Swervedriver | Interview with Adam Franklin
Interview with singer and guitarist of the legendary shoegaze outfit Swervedriver.
“It’s interesting to see where you end up because you don’t set out with the intention of writing that stuff.”
Future Ruins was released in January. What’s the story behind it?
Our first album after getting back together 2015’s I Wasn’t Born To Lose You tapped into the music and culture that first inspired the band when we were just begun – Sonic Youth, Love & Rockets comic, JG Ballard’s Crash and all that. Future Ruins I guess pushes on a bit further into that experimental melody/noise stomp box terrain but with more space and a dose of dystopia! Something like that anyway. Lyrically there is stuff about alienation and about how we are all connected and yet disconnected at the same time – alone in the crowd but with the strength of the crowd. The drums and guitars sound great and it rocks, what can I say!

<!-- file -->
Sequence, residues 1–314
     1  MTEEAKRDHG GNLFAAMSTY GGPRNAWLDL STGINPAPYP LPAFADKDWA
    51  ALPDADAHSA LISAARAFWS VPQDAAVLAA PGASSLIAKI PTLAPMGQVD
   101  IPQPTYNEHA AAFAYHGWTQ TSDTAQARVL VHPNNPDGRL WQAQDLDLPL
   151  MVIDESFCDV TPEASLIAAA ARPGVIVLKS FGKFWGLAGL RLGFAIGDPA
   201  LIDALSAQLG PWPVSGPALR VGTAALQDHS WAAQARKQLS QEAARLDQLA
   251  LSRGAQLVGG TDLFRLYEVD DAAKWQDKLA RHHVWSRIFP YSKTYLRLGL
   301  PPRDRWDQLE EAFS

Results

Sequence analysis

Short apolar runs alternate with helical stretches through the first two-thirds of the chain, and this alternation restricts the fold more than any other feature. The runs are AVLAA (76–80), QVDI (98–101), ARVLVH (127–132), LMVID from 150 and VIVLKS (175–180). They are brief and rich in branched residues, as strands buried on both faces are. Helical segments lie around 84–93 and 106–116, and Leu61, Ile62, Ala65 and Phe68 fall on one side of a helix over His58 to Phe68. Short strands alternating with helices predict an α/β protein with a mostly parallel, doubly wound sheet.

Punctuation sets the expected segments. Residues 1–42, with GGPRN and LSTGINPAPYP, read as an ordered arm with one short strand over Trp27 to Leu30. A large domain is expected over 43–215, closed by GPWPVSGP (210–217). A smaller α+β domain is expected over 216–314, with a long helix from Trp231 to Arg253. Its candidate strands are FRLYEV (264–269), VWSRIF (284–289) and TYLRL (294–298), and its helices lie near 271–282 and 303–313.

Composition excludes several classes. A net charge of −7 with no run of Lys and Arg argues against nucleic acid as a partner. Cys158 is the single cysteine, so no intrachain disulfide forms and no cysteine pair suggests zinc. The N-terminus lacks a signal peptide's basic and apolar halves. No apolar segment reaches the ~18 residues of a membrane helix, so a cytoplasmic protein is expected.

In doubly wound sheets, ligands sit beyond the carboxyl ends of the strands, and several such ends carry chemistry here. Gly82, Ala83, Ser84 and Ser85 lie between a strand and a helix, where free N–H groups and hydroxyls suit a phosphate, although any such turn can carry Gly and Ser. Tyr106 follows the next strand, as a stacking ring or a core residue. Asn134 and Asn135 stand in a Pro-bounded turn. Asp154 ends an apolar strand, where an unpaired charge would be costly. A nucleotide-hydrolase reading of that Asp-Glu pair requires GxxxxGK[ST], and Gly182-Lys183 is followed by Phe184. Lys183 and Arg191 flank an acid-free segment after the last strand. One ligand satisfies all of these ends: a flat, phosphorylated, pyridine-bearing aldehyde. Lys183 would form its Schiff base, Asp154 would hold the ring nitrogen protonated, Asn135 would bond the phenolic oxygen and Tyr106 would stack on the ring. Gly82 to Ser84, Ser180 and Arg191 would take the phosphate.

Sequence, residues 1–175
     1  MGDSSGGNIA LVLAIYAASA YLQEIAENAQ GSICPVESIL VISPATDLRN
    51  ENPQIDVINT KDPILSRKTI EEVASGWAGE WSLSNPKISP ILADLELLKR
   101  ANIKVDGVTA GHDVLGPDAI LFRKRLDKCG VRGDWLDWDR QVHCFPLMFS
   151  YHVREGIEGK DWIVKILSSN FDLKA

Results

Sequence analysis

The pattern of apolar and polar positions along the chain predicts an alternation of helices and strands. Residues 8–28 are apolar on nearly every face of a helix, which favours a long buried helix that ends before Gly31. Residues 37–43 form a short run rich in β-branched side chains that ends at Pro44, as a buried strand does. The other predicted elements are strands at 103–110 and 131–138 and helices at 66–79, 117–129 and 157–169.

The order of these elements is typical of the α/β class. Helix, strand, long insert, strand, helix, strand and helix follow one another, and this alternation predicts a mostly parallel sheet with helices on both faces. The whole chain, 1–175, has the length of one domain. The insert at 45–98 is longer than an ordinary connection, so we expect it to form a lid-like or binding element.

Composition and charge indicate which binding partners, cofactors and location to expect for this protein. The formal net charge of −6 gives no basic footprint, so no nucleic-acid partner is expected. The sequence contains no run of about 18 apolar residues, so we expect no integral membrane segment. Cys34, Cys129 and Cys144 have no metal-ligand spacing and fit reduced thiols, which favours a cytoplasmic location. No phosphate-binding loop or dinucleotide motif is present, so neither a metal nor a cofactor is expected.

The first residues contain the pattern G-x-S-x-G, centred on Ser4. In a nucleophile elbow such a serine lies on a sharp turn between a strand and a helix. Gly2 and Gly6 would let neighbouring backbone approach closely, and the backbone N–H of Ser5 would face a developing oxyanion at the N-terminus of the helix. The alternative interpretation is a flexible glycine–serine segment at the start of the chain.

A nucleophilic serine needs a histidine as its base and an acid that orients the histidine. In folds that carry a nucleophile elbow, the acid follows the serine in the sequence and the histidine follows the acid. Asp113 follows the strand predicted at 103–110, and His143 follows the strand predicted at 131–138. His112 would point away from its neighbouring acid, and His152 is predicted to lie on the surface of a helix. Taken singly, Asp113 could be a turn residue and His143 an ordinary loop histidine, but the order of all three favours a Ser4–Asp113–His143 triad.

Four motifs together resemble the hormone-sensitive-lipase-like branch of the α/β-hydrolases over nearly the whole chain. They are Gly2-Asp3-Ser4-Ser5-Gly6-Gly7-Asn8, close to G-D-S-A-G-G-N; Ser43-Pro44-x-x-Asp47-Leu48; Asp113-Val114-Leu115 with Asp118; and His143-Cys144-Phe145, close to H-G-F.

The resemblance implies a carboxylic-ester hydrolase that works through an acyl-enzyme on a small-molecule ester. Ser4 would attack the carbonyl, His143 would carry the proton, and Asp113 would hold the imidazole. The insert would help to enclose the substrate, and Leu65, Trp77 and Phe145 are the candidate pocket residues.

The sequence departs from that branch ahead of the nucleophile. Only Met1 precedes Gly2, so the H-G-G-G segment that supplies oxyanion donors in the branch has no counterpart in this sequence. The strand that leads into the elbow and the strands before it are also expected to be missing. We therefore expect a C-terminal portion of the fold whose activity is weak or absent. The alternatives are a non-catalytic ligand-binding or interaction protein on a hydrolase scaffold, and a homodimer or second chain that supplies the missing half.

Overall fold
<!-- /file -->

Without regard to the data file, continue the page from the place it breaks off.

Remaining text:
Would love if you could share some further words about its recording and production process.
It was time for a new album and we were very kindly offered studio time in Los Angeles by some friends who are fans of the band and so we began recording there in October 2017 at the end of a US tour. We had more time than last time to record and so we recorded any and all ideas we had, just cracking through them and ended up returning to the UK with thirty recorded tunes, which is more songs recorded in one sitting than even Mezcal Head or Ejector Seat Reservation which were probably the most prolific sessions previously. The ten that ended up on the album were the first ten to have vocal or lyrical ideas and so we hope to create something out of some of what’s left. Cutting down the quota was almost like creating a playlist or mixtape which was fun.
What’s your usual creative process?